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Watertown New York Stroke Misdiagnosis Lawyers Recommend Taking Blood Pressure Pills

A recent study of Medicaid patients reveals that the better a patient follows a blood pressure medication prescription, the lower the patient’s risk of stroke and, ultimately death.

According to North Country medical malpractice lawyers Bottar Law, PLLC, patients who took just one more pill (a week) decreased their risk of stroke by nearly 10%, and their risk of death by around 7%. Most of the nearly 50,000 patients in the study were on two blood pressure medications; however, some were taking as many as six. Roughly 60% of the patients did not fill their prescriptions 80% of the time. These patients, known as non-adherent patients, were .5% more like to die over a five-year period.

There are many different types of blood pressure medications. Diuretics, such as Amiloride, Bumetanide, Chlorothiazide, Chlorthalidone, Furosemide, Indapamide and Spironolactone, decrease blood pressure by causing the body to purge excess fluids and sodium. Angiotensin Converting Enzymes (ACE) inhibitors, such as Benazepril, Captopril, Enalapril, Fosinopril, Lisinopril and Moexipril, decrease blood pressure by allowing blood to flow more freely, which makes the heart’s job easier. Beta blockers, such as Acebutolol, Atenolol, Betaxolol, Bisoprolol, Carteolol, Metaprolol, Nadolol and Sotaolol, decrease blood pressure by decreasing heart rate and cardiac output.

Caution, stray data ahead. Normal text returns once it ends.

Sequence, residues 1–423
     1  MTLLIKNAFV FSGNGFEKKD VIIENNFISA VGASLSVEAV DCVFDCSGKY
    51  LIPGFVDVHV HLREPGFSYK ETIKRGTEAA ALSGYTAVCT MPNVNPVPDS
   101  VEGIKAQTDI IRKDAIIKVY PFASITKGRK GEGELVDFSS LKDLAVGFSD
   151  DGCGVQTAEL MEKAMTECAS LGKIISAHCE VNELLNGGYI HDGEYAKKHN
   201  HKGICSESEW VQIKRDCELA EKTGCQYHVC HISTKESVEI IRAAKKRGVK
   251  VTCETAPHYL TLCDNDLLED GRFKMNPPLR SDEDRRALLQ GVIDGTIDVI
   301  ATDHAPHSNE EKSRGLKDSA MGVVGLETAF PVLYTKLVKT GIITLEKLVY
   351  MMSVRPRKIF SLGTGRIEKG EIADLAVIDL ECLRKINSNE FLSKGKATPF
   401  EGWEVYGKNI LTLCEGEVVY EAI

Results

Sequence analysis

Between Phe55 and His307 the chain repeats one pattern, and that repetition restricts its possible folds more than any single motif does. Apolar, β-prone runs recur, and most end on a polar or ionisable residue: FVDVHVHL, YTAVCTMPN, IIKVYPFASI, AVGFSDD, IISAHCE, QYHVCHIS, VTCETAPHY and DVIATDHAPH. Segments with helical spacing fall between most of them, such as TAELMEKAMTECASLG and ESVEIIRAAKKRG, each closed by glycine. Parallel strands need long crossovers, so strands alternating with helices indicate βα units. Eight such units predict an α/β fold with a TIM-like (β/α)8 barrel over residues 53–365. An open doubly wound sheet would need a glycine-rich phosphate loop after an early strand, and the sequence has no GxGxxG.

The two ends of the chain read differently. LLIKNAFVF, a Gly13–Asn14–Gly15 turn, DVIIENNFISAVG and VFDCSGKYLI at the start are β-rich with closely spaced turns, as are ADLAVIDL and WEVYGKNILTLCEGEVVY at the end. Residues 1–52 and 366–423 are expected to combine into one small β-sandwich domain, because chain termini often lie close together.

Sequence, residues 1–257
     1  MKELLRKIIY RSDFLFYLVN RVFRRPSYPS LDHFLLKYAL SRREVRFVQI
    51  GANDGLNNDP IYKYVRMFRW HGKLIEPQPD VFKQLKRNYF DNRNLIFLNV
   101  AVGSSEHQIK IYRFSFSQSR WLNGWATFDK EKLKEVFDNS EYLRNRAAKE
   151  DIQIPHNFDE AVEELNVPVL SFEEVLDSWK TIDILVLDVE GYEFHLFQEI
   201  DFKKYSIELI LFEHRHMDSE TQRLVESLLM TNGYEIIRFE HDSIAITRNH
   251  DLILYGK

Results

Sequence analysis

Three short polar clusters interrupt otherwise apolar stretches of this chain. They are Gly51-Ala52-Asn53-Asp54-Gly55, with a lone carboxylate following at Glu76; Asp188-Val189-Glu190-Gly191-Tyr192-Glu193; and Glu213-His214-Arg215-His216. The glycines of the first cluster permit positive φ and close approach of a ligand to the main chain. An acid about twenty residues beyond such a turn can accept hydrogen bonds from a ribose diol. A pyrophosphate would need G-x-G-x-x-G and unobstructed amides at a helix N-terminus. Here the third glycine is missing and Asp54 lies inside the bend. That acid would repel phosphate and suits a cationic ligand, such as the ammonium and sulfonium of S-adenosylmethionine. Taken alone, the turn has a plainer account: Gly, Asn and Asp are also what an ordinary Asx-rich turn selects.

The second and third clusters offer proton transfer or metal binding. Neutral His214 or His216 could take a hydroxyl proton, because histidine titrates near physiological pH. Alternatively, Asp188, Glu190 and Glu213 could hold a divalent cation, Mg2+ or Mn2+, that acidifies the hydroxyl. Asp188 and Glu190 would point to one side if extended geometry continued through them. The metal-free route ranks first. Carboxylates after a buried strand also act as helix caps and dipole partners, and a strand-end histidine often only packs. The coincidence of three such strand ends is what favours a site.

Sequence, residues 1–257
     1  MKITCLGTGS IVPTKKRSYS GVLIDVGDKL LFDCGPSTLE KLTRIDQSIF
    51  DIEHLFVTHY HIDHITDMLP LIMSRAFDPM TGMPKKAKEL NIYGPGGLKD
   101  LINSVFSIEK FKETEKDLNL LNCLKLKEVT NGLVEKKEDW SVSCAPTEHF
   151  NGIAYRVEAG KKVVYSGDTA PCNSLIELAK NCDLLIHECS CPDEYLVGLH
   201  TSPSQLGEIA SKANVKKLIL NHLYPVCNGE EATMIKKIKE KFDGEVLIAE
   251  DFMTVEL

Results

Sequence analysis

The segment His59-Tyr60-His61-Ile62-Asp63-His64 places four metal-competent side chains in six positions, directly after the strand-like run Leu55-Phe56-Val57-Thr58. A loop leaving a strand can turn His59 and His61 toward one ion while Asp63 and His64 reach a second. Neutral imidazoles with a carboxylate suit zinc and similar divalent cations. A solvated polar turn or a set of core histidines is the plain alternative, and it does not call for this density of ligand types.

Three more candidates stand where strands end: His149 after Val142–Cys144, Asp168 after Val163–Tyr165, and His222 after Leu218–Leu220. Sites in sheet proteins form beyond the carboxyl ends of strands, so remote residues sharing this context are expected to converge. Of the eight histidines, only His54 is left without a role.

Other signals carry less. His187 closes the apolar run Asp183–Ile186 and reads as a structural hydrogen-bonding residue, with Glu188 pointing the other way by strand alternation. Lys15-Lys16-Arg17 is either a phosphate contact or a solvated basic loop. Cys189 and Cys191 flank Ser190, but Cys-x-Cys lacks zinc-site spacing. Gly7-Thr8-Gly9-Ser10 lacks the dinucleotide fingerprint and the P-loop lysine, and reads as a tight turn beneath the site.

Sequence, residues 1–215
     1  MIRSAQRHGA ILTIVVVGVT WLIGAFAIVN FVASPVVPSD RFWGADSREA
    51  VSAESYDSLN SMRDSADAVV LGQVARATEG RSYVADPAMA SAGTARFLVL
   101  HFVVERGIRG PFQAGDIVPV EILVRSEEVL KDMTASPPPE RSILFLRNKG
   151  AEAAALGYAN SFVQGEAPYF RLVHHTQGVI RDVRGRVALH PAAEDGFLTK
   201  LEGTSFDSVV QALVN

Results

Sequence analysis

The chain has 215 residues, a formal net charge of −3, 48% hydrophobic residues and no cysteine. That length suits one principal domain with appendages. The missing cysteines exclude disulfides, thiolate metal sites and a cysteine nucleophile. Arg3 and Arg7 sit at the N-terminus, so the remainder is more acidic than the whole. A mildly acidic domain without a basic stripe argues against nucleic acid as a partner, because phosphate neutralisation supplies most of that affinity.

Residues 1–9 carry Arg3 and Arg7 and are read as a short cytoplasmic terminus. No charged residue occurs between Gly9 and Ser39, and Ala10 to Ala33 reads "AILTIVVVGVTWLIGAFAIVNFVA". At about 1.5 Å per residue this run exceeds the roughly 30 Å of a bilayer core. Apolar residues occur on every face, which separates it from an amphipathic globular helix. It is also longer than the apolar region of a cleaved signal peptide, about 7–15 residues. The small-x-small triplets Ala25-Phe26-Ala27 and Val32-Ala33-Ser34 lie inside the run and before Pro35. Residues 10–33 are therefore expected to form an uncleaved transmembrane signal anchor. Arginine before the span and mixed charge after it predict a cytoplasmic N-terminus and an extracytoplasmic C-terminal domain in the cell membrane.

The trial lawyers at Bottar Law, PLLC, have decades of experience investigating, prosecuting and trying to verdict medical malpractice cases due to or arising out of a stroke or heart attack. If you have suffered a preventable coronary or cerebral event, such as a heart attack or stroke, you and your family may be entitled to compensation for lifelong health care, medical expenses, medical bills, loss of income, and pain and suffering.

To discuss your case or concerns with an experienced Central New York medical malpractice and birth injury attorney, contact us now at (315) 422-3466, (800) 336-LAWS, or by e-mail at

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